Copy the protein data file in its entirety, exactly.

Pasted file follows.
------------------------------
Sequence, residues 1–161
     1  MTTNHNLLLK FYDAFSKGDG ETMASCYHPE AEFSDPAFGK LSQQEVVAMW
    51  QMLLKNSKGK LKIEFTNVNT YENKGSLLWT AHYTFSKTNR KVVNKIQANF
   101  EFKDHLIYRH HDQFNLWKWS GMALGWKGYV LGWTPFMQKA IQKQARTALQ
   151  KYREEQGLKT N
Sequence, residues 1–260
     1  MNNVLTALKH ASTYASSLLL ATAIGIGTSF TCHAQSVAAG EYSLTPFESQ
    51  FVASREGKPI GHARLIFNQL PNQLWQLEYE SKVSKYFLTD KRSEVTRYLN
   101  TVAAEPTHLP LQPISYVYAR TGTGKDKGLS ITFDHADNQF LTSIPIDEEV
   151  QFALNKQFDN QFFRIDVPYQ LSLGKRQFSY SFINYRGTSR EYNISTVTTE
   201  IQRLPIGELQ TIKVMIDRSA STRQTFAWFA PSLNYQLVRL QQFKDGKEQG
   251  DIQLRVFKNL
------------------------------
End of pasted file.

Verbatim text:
Sequence, residues 1–161
     1  MTTNHNLLLK FYDAFSKGDG ETMASCYHPE AEFSDPAFGK LSQQEVVAMW
    51  QMLLKNSKGK LKIEFTNVNT YENKGSLLWT AHYTFSKTNR KVVNKIQANF
   101  EFKDHLIYRH HDQFNLWKWS GMALGWKGYV LGWTPFMQKA IQKQARTALQ
   151  KYREEQGLKT N
Sequence, residues 1–260
     1  MNNVLTALKH ASTYASSLLL ATAIGIGTSF TCHAQSVAAG EYSLTPFESQ
    51  FVASREGKPI GHARLIFNQL PNQLWQLEYE SKVSKYFLTD KRSEVTRYLN
   101  TVAAEPTHLP LQPISYVYAR TGTGKDKGLS ITFDHADNQF LTSIPIDEEV
   151  QFALNKQFDN QFFRIDVPYQ LSLGKRQFSY SFINYRGTSR EYNISTVTTE
   201  IQRLPIGELQ TIKVMIDRSA STRQTFAWFA PSLNYQLVRL QQFKDGKEQG
   251  DIQLRVFKNL